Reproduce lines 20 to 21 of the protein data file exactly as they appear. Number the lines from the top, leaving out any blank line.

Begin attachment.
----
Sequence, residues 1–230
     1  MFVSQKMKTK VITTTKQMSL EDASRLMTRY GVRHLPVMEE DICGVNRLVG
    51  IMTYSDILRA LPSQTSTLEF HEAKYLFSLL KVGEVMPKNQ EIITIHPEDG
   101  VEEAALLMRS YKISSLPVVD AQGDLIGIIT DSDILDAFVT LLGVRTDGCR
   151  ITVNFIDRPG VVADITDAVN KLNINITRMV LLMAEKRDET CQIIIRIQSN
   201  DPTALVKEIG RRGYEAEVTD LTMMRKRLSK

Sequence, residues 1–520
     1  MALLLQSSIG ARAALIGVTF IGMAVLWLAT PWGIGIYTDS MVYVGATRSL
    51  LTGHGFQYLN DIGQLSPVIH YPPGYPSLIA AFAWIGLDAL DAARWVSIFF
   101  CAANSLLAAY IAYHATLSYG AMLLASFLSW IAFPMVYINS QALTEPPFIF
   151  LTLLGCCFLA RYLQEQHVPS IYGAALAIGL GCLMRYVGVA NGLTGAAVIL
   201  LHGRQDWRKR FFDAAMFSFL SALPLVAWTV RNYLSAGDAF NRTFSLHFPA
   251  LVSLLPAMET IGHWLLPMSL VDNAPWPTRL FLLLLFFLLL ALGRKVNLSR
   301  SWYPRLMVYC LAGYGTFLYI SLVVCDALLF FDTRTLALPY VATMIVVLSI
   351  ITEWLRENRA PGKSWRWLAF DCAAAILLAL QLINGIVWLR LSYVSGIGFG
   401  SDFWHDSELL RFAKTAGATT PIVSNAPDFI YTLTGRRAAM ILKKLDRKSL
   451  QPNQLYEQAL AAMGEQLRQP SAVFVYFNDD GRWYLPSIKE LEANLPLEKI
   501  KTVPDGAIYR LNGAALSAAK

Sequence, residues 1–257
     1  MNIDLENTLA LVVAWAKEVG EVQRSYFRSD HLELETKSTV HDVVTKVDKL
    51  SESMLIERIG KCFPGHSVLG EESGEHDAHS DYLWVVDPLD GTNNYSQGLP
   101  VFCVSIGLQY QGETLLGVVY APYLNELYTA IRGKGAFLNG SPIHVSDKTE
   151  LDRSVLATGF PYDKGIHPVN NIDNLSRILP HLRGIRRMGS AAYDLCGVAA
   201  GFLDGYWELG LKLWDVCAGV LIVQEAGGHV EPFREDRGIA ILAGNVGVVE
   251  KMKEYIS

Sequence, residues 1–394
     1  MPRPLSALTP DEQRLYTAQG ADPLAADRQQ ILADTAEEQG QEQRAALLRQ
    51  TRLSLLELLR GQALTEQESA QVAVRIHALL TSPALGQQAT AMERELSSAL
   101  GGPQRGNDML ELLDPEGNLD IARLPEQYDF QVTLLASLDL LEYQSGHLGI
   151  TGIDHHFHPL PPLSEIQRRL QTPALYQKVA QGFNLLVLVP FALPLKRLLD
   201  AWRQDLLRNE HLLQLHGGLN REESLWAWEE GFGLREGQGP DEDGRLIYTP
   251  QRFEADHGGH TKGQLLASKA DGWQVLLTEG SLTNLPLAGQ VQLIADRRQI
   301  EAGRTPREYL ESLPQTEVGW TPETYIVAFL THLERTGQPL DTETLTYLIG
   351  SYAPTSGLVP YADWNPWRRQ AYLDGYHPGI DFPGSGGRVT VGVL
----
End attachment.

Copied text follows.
     1  MNIDLENTLA LVVAWAKEVG EVQRSYFRSD HLELETKSTV HDVVTKVDKL
    51  SESMLIERIG KCFPGHSVLG EESGEHDAHS DYLWVVDPLD GTNNYSQGLP